Measuring the job stickiness of community nurses in Ontario (2004–2010): Implications for policy and practice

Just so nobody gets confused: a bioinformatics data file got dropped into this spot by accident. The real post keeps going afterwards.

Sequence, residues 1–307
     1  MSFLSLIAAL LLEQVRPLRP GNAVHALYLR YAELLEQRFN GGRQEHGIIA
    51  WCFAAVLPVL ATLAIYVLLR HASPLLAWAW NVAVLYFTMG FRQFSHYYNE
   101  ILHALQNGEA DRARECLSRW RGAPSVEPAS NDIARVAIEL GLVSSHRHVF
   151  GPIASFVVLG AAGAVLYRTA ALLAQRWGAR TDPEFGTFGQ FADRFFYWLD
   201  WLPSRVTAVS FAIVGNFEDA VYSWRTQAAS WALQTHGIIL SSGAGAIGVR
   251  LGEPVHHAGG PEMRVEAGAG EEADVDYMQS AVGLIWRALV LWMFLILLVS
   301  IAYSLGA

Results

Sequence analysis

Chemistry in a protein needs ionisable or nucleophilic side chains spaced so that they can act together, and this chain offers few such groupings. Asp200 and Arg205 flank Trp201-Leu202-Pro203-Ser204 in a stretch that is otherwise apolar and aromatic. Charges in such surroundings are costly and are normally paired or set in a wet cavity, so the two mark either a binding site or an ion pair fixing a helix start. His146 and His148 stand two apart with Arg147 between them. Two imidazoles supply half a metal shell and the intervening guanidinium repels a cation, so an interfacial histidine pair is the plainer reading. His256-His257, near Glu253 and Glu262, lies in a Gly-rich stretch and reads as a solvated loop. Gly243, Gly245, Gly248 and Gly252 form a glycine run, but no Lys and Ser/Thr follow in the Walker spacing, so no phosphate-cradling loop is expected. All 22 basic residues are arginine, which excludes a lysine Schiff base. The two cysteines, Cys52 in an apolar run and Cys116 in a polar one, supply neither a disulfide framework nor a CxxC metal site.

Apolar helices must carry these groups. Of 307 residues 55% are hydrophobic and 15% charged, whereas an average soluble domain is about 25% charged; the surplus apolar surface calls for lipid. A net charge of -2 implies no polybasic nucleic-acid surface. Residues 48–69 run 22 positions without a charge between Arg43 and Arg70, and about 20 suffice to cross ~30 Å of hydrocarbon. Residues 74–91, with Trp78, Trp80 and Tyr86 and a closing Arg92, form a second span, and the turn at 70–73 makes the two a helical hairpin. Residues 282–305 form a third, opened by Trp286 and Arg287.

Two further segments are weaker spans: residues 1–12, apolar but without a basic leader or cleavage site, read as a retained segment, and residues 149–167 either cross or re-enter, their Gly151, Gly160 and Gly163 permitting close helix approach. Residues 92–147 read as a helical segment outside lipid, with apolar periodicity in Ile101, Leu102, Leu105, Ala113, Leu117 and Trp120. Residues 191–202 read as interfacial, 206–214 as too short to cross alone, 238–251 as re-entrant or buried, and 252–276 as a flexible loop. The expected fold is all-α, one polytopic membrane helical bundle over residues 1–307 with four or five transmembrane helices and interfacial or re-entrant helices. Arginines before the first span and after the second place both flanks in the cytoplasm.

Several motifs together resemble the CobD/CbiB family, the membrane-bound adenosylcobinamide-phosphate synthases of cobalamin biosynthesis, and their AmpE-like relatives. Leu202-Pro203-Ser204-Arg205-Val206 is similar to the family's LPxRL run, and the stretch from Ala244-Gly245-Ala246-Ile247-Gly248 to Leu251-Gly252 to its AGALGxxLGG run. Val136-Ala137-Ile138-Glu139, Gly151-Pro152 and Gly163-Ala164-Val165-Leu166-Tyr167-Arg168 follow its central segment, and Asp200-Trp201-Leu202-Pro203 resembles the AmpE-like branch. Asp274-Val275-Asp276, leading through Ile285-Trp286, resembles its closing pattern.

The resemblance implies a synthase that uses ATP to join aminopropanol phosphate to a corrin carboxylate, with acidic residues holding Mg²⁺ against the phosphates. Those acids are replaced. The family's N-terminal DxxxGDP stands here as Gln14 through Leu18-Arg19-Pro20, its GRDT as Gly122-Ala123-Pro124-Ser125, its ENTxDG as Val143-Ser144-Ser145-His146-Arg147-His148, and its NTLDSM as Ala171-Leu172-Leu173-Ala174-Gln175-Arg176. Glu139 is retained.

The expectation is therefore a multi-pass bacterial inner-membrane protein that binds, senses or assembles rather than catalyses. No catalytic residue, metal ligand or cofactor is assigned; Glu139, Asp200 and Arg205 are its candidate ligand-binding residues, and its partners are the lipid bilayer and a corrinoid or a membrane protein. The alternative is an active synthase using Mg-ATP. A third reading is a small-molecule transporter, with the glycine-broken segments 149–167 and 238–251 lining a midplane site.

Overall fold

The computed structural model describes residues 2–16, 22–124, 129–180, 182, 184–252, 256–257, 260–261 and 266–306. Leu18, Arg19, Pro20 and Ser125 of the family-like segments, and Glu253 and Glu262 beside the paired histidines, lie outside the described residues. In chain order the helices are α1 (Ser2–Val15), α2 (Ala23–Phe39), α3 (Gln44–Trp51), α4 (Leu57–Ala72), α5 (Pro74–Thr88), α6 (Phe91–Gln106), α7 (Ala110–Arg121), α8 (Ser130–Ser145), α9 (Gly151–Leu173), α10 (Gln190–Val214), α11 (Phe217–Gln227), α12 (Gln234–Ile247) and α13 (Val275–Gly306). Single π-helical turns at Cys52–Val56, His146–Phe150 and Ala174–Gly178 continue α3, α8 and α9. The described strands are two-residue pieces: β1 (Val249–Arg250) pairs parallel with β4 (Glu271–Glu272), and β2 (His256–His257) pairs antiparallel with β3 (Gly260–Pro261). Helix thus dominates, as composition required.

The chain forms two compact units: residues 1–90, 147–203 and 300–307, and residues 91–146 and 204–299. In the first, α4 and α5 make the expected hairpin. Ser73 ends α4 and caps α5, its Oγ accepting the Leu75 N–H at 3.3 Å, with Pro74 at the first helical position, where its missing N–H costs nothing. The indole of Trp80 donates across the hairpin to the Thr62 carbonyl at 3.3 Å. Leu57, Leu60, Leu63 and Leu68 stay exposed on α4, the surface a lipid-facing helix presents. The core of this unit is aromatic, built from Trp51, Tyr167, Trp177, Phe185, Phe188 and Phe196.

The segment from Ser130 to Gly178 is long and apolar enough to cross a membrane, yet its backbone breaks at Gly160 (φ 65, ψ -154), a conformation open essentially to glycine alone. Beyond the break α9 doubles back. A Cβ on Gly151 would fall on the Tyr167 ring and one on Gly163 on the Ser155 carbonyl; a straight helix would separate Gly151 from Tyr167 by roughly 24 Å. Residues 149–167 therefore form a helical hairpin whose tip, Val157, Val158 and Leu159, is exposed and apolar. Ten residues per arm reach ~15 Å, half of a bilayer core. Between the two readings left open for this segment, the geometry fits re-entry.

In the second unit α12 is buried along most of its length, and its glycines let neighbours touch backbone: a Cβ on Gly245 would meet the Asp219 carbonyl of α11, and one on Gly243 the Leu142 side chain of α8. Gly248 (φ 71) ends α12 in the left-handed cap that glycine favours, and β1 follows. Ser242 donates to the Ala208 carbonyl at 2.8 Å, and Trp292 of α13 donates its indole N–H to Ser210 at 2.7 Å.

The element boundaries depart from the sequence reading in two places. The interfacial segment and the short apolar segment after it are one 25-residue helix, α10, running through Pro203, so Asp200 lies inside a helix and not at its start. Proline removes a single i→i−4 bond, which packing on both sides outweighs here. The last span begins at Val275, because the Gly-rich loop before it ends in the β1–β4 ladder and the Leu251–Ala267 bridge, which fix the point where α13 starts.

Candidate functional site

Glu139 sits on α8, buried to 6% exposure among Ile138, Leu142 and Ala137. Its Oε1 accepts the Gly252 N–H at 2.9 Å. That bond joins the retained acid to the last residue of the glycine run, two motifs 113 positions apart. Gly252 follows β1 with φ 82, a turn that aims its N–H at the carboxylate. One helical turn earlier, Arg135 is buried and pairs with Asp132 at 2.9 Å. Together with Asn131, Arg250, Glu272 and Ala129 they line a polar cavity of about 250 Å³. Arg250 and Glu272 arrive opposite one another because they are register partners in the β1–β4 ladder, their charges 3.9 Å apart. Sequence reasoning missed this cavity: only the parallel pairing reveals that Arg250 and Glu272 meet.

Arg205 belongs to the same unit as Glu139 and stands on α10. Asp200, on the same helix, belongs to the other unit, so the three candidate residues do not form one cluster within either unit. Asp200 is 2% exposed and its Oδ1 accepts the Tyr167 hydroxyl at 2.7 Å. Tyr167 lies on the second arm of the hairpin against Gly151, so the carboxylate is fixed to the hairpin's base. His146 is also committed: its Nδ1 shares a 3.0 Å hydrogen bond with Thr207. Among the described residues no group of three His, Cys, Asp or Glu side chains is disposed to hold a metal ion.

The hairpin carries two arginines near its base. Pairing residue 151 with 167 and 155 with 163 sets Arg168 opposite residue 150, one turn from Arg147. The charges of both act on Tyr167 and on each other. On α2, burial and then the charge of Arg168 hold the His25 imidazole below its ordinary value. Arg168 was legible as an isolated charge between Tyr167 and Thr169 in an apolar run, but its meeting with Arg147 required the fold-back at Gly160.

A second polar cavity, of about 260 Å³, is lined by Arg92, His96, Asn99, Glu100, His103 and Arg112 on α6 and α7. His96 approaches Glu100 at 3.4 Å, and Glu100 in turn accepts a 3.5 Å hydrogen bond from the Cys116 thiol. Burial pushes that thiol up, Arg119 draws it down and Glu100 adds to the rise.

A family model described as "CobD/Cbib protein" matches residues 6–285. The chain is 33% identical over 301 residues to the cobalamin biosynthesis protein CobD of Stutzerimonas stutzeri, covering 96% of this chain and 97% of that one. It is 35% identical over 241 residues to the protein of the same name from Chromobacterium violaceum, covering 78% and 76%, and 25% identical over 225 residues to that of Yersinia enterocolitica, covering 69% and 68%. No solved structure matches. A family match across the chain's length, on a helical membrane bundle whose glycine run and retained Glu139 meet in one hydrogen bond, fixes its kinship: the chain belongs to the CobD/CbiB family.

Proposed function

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OBJECTIVE: Utilize the concept of stickiness to examine the retention of community nurses across time and draw comparisons by subsector, nurse group and work status. METHODS: Secondary analysis of College of Nurses of Ontario (CNO) registration database (2004-2010). Nurses' yearly registration records were linked to create a longitudinal database of nursing employment which was used to generate year-to-year stickiness figures. Analysis was carried out by sector/subsector of employment, nurse group and work status. RESULTS: Analysis revealed an active movement of nurses between the hospital and community sectors during the period of analysis, with a positive balance of 3002 nurses toward the latter. A wide variation in the stickiness of community subsectors of employment was noted, with those subsectors involving direct patient care and community visitation displaying relatively lower stickiness figures. Subsector stickiness increased with the offering of full-time jobs and the employment of Registered Nurses. CONCLUSION: Examining the working conditions and human resources management practices in the subsectors with lower stickiness, especially those involving patient care at home, and enhancing career stability of Registered Practical Nurses are priority issues. Decision-makers should support the offering of full-time jobs focusing attention on subsectors offering direct patient care in the community.
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